Trail signs


Trail signs

Originally uploaded by jon.swanson

We’re all traveling somewhere, somehow. Most of us wonder whether this is the right path, whether this is really the way we are supposed to be going. There are curves, there are roughs spots, there are long climbs.

And hopefully, there are trail markers.

This is a trail marker on the Appalachian trail, a trail that runs from Georgia to Maine. I’ve heard about for a long time, but until this week, I had never set foot on it. We hiked for just a short way. Our real goal was the top of a hill. But our path and the trail were the same for this way. And so, I have now been on the trail.

It was a quietly exciting thing. I know thousands of people have hiked the trail. I know that people know it well. I know that, unlike the first people to do various climbs and dives and other exploits, there is nothing ‘first’ about this trail. Except it was a first for me.

I’m living my life for the first time. And for the only time. There are many parts of this path that other people have been on. Other people have been dads and husbands. Other people have been pastors and bloggers and readers and sleepers. Other people have known God more and longer and deeper and more profoundly.

So what.

If I have any sense at all, I will acknowledge that they have learned things that I can learn. They have blazed trails that I can follow. They have left trail signs that can help me along.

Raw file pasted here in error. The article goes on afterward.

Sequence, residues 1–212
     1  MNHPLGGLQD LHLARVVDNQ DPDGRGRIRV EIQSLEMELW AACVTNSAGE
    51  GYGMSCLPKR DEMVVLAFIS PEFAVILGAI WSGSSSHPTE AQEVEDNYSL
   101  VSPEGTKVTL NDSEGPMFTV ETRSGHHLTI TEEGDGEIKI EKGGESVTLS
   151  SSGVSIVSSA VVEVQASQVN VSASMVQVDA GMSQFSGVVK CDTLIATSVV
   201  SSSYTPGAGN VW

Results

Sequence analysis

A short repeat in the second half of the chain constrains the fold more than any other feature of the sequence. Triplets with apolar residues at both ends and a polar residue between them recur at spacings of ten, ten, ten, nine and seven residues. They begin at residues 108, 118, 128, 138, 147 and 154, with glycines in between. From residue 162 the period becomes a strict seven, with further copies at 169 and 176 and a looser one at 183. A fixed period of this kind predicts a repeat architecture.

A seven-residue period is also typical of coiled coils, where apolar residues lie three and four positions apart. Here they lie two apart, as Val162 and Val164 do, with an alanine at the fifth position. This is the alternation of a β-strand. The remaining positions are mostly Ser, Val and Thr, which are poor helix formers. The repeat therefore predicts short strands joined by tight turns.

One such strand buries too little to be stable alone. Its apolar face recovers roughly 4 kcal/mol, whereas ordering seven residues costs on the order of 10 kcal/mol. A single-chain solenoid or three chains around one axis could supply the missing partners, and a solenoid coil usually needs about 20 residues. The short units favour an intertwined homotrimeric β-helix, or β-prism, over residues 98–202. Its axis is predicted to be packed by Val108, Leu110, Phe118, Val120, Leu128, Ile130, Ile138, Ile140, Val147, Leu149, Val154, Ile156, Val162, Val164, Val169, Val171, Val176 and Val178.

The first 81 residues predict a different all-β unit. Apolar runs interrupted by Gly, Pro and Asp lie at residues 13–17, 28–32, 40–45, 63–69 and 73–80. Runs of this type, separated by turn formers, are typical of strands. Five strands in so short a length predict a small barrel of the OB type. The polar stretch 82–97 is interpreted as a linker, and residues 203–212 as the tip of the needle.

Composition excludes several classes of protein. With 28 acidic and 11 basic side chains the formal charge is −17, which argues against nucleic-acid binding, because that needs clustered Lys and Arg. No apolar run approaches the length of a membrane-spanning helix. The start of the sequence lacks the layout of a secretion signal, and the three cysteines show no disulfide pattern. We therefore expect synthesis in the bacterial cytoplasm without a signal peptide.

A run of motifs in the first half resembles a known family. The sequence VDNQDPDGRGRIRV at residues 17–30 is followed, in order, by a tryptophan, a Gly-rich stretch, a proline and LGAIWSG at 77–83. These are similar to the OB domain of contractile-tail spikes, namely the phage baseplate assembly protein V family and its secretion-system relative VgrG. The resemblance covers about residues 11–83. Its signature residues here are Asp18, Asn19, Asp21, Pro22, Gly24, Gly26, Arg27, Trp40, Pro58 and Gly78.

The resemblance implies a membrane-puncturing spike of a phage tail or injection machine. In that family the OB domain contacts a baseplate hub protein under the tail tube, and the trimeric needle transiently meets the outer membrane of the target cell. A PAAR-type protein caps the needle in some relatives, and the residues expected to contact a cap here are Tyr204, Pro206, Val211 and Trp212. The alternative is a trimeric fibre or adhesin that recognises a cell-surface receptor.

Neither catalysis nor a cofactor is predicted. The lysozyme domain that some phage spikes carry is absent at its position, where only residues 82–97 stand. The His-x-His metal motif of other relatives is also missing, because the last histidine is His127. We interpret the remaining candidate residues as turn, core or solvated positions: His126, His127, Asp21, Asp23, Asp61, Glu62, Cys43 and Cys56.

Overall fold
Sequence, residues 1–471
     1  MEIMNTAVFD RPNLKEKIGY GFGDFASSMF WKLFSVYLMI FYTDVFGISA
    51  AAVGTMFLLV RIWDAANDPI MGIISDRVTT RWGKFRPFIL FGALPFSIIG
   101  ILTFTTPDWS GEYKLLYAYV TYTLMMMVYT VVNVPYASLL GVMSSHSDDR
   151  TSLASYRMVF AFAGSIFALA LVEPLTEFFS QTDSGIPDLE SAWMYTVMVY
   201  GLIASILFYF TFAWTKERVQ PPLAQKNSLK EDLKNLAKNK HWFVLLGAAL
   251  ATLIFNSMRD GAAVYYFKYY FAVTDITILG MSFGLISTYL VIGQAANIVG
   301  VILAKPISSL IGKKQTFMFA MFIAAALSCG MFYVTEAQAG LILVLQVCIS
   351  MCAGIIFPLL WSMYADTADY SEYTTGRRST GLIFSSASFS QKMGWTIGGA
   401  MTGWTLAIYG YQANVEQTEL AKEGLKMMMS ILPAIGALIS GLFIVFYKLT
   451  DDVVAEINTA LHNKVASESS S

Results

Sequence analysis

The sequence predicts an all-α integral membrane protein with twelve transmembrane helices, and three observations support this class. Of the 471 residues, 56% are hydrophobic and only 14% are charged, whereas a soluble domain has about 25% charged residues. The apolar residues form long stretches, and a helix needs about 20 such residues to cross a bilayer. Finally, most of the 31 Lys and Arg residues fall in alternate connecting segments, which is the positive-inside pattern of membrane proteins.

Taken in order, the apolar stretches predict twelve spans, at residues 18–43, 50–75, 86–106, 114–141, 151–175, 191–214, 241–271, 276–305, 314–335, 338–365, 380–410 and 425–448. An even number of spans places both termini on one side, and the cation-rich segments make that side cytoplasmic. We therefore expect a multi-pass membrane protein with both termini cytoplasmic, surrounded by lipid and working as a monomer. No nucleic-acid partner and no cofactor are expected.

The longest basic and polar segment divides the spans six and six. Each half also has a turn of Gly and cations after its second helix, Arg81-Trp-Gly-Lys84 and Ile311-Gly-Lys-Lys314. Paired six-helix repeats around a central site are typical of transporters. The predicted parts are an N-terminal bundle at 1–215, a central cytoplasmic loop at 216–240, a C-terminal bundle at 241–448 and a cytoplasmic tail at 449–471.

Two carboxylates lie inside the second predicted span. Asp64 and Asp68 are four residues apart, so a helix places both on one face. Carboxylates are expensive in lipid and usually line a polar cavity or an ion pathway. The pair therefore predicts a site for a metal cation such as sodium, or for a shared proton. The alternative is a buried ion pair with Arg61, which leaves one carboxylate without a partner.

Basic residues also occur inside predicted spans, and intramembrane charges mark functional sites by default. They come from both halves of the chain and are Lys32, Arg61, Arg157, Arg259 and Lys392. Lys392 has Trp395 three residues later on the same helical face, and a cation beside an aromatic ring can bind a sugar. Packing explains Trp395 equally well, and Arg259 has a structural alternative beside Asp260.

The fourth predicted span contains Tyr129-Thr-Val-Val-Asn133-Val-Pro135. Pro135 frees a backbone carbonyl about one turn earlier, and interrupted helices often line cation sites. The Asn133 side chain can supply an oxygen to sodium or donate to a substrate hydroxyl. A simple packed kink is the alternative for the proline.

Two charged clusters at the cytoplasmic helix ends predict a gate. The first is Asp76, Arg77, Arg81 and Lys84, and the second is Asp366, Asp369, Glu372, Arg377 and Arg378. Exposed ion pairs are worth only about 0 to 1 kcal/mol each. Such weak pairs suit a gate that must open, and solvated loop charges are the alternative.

And so, on to living. Other people know what was over that ridge for them. But I need to find out for myself. Because I need to live this life, following the marks, one section, one step, one climb at a time.

With me?

2 responses to “Trail signs

  1. Your post is a good reminder that, even if we’re walking it on the same road as someone else, seeing the same curves, the same trail markers, our individual trips will not look like anyone else’s–not even the person we’re walking it with–since we’re each looking through a different set of eyes, each backed up by a unique heart and set of prior experiences. The implication of that for me is that I should not be too quick to compare or critique another’s “travelogue”. Instead, I should let that other one’s journey enrich and inform my own. I can learn and gain from places they have been without going there myself–without need to or without desiring too. Or, the account of the journey may be so compelling that I must see and experience it too. Does this all mean that we should view God as our Divine Travel Agent?

  2. Edit: “…without needing to or without desiring to.”…sorry…